Three local composers have won what are considered to be among the largest no-strings-attached grants available to musicians in the United States.
Storm Ford, Courtney Swain and Adrienne Taylor will receive $25,000 grants from the Rhode Island Foundation through the Robert and Margaret MacColl Johnson Fellowship Fund. They were selected from among 74 applicants.
The fellowships are intended to enable artists to concentrate time on the creative process, focus on personal or professional development, expand their body of work and explore new directions.
“We are providing the financial support necessary to enable these artists to put more time into their music. This is a remarkable opportunity for them to accelerate their success in advancing their craft,” said Ricky Bogert, the grant programs officer at the Foundation who oversees the program.
Ford, Swain and Taylor were chosen by a panel of out-of-state jurors who are professional artists. They were selected based on the quality of the work samples, artistic development and the creative contribution their genre, as well as the potential of the fellowship to advance their careers as emerging-to-mid-career artists.
Ford is a 20-year-old neo-soul singer/songwriter. She began writing songs when she was 10 as a way to cope with and heal from adversity she faced.
“My artistic practice draws inspiration from my tenuous relationship to my family and the ways my marginalized identities affect how I’m defined. These factors have driven me to create the music that motivates me and my listeners to take a journey towards self-love and self-sufficiency. As a plus-size, first-generation, Lao, Nigerian, Narragansett Indian, bisexual woman, I am inspired greatly by my various identities and strive, through my music, to support and heal anyone else who has felt marginalized,” she said.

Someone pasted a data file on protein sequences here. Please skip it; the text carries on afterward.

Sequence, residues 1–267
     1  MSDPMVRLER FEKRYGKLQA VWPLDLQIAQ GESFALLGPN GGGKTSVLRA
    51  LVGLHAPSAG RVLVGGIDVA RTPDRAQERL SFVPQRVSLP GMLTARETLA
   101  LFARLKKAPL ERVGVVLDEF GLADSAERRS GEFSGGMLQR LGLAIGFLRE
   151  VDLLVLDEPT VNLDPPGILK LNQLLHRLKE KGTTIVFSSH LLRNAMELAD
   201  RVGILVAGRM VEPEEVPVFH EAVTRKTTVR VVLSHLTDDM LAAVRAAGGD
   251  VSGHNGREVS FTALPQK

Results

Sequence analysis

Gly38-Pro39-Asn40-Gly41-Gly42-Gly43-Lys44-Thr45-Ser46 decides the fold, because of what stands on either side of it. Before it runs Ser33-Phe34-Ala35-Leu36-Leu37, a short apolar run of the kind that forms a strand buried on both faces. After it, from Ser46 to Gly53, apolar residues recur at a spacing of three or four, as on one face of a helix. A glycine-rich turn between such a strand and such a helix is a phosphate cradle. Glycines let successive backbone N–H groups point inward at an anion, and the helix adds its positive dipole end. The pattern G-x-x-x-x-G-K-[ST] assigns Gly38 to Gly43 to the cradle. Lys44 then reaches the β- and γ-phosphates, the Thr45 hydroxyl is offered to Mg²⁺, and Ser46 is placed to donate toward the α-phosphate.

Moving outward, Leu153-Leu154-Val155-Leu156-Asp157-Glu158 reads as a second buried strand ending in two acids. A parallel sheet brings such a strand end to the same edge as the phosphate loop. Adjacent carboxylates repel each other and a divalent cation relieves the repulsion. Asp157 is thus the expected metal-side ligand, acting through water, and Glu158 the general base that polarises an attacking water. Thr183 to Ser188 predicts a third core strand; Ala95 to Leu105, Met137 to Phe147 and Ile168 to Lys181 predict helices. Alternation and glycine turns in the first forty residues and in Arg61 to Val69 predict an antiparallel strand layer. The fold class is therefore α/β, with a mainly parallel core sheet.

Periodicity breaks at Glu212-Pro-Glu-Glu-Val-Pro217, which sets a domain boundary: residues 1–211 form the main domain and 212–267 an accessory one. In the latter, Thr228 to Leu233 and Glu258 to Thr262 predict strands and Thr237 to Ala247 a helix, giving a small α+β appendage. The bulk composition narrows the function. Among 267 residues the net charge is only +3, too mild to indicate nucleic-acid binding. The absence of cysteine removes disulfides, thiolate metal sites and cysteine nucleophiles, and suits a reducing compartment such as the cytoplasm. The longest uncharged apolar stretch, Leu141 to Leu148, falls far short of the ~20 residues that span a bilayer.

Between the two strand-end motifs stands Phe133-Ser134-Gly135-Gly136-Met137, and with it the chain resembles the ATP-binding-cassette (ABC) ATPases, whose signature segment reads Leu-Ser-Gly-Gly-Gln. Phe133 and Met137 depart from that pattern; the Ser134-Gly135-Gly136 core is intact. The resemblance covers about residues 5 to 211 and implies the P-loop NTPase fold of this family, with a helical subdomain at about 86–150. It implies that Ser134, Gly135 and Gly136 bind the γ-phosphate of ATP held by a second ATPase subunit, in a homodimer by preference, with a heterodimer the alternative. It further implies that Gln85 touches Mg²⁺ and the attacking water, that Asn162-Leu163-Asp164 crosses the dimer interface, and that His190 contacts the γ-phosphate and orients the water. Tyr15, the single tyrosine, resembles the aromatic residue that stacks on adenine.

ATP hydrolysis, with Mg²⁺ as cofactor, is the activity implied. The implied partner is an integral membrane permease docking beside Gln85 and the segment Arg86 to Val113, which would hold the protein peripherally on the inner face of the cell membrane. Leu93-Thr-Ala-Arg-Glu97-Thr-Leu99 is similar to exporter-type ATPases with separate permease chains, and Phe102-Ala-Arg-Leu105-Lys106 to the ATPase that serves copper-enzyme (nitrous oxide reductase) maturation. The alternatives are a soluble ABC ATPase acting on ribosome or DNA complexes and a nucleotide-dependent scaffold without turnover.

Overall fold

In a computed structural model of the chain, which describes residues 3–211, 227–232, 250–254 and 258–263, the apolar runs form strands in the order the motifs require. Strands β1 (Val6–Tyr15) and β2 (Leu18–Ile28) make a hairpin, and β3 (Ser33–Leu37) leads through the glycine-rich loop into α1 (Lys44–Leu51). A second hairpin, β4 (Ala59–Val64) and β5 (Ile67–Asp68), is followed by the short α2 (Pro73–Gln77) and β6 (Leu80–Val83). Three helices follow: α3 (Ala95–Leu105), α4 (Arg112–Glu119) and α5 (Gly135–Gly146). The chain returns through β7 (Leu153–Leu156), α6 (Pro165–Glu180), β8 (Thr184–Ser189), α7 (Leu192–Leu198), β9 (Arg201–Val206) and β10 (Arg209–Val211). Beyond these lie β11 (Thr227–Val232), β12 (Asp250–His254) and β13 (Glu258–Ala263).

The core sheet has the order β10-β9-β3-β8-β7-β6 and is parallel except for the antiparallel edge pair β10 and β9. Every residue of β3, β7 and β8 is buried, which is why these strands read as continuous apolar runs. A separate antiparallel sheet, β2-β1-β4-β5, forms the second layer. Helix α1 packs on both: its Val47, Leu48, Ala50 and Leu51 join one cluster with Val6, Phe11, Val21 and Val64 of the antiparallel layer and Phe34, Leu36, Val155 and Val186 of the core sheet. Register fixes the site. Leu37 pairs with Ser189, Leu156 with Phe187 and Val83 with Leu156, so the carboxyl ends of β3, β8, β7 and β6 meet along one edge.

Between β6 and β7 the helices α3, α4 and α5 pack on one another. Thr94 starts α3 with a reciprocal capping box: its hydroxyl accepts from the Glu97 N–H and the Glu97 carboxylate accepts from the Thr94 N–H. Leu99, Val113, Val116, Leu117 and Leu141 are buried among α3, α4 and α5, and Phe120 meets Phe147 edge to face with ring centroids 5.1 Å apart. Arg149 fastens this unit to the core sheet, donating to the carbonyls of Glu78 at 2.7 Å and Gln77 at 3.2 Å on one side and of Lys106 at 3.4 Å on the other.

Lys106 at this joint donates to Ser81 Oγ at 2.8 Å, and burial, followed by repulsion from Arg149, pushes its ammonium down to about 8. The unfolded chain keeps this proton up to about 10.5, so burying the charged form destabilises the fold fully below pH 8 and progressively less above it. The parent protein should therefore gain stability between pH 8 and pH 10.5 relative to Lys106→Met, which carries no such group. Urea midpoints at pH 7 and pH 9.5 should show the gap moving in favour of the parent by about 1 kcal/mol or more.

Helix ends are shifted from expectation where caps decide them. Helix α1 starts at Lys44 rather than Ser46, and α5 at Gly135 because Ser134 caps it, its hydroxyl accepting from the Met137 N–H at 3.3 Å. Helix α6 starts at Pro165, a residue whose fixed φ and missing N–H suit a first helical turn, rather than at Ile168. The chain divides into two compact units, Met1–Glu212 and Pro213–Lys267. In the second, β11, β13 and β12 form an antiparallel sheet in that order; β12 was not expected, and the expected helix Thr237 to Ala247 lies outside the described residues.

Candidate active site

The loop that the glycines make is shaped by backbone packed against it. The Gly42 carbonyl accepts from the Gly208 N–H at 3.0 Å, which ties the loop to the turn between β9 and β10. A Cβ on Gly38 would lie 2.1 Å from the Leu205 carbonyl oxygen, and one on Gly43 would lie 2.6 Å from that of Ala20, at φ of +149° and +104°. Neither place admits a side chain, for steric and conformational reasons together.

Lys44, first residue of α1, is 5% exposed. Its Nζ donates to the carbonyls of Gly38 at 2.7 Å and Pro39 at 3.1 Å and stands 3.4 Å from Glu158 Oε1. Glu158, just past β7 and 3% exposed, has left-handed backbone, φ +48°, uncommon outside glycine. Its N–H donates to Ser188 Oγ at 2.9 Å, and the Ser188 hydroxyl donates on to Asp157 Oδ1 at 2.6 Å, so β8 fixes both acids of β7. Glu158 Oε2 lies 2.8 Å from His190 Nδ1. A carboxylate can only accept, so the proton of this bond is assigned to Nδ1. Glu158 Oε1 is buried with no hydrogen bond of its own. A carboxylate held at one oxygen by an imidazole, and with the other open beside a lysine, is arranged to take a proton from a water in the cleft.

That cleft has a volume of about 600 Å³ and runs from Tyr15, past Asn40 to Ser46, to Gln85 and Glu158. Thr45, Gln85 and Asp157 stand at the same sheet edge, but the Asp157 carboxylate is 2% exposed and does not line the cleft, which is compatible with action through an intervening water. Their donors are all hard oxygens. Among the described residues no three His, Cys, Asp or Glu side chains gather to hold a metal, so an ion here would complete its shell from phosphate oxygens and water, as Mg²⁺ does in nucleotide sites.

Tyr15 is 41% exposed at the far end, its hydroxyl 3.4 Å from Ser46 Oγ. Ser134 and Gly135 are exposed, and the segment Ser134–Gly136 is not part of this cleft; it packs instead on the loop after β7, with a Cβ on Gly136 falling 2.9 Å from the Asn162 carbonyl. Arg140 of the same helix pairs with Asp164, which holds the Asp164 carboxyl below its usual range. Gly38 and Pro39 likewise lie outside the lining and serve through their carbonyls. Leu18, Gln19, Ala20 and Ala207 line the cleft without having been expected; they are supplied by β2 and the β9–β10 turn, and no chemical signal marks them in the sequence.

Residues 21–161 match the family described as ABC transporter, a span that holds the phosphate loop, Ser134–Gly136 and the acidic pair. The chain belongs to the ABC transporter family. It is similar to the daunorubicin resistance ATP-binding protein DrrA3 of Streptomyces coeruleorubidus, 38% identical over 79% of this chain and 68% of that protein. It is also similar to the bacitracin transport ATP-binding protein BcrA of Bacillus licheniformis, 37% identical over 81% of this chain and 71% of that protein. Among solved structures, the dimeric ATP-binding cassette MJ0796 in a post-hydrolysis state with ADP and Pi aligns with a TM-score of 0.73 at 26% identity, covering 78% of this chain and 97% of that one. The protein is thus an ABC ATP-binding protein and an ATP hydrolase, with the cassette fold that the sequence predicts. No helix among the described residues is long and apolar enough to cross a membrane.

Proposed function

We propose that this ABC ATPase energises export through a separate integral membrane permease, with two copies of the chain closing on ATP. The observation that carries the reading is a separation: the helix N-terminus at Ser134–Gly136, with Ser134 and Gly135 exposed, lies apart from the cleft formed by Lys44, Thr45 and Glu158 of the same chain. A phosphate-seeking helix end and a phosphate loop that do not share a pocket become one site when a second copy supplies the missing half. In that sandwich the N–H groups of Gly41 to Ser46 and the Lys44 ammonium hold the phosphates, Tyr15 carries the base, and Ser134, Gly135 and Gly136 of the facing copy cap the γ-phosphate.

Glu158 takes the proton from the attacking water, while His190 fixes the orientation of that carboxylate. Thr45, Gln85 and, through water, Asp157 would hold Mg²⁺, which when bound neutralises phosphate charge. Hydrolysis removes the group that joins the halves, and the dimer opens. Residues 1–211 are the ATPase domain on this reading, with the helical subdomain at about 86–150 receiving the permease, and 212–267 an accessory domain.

Ford says the fellowship will enable her to become proficient in composing and recording software, to equip a home recording studio and to invest in music lessons for guitar and other common instruments like piano and bass.
“As an independent artist, I want as much control over my sound as possible and strive to be a totally self-sufficiently creator. I want more control of the recording process, to direct my own sessions and to avoid paying for studio sessions, instrumentalists and engineers whenever possible,” she said.
Swain is a singer/songwriter who creates music in a variety of styles such as indie rock, chamber pop and contemporary classical. She has released four solo albums and five albums fronting the Boston-based indie rock band Bent Knee. She has performed nearly 1,000 shows solo and with artists such as Bent Knee in North America, Europe and Japan. In addition, she is a keyboardist, music director and educator who has worked with Trinity Rep, the Wilbury Group, RIOT and the Celebrity Series of Boston among other organizations.
“Over the last few years, I’ve become more aware of how my presence as an artist influences the people around me. Last spring I heard from a fan; a teacher, on her first day of school during COVID-19, frustrated by the lack of resources for remote learning. She told me how relieved she felt listening to my music after a long day. That meant a lot to me. Even beyond those who interact directly with my output, my presence as a flourishing creative also touches my family and friends: I like to think I push them to confront their passions and frustrations more directly, and to challenge their own limitations,” she said.
Swain says the fellowship will enable her to improve the quality of her work, and experiment creatively in new ways.